The largest model yoke of CBM Lab weighs at least 10 pounds and has both headlights and horn View original picture , opens in new tab/window

Model railroad in new LTU-lab

Published: 24 November 2013

Luleå University of Technology is building a new railway lab with mini train and rails for condition based maintenance, called CBM-Lab. You could say that it is an advanced form of model railway with locomotives that have engine sounds, horn and lights and a rail system that can be used for tests in both education and research.

Professor Jan Lundberg LTU
Professor Jan Lundberg, Luleå University of Technology

- Students will locate tracking errors with a measuring vehicle and can fix the errors, just like in real life and also in the research will CBM Lab be beneficial when we can test various models of switches and surfaces, considering shock, deformation, etc., said Jan Lundberg, Professor in operation and maintenance at Luleå University of Technology.

He has a background in research based on laboratory tests and experiments. The vision is to build a real laboratory where tests can be conducted to raise awareness, which is well under way in the CBM Lab.

- This is a kind of embryo of such a laboratory, and because we have so many projects related to railway technology so it was natural to build one, he says.

Michael Palo, PhD LTU
Michael Palo, PhD in operations and maintenance at Luleå University of Technology

The idea of buying a mini train for marketing purposes came from his graduate student Mikael Palo associated with an "open-house" day at LTU. Jan Lundberg has since hatched the idea to utilize the mini train for research and education. CBM Lab currently consists of model railway with locomotives and wagons that are very lifelike. An entire trainset of wagons can be linked and run across multiple switches along the line. A wagon with a measurement tool can be hung on the locomotives and loaded with weights that run along the track. As with information on the bumps in the track which can be read on a large monitor in the CBM Lab and it all becomes a tool for research and education. (CBM stands for Condition Based Monitoring).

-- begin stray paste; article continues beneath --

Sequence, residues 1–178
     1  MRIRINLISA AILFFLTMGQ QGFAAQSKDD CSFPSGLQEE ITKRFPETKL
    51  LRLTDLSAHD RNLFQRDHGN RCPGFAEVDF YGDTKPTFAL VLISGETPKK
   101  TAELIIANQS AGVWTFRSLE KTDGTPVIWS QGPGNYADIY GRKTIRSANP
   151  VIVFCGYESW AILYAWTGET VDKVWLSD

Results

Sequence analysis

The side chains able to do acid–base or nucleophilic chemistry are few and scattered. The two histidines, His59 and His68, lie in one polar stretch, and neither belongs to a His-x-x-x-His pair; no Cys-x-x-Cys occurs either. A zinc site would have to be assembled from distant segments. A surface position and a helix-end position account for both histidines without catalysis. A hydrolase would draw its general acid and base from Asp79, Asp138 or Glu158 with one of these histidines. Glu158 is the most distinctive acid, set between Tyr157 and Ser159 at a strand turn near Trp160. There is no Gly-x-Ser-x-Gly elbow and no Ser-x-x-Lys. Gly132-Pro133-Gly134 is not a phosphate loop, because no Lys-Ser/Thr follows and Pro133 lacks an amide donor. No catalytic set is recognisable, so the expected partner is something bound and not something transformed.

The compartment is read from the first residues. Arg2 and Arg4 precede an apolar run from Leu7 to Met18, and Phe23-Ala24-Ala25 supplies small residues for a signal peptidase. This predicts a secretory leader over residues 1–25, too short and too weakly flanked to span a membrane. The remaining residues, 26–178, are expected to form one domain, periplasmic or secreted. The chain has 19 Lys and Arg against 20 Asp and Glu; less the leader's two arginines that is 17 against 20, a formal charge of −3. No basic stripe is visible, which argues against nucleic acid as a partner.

Professor Jan Lundberg tells enthusiastic schoolchildren
Professor Jan Lundberg tells enthusiastic schoolchildren what model railroad is for.

CBM Lab will gradually be expanded to be as realistic as possible, for example, to scale ballast stone that can simulate different degrees of tilt on the railway system, with overhead and with a complete signaling system. On that basis, various simulated projects can be implemented using associated measuring equipment. For example, the problem of "malfunctioning wheels" is simulated (wheel deformed by heavy braking) as wintertime often damages rails and wheels and which sometimes cause derailments.

- It is super from a pedagogical point of view for the students here at the university and generally it's about learning to state control of the railroad and of course in general, what are the details along a rail, said Jan Lundberg, who also want to inspire a younger generation.

"It need to be bent in time what will become as crooked" is a motto which he gladly will highlight and when CBM Lab was unveiled on Friday so was also a secondary school class from Lulea invited. School children got their own demonstration and subsequently possible to ask questions. There was no mistaking about their interest. Many of the school children took the opportunity to be involved and try how different movements of a mini measuring station could be reflected in the form of wave motion on a large monitor in the lab.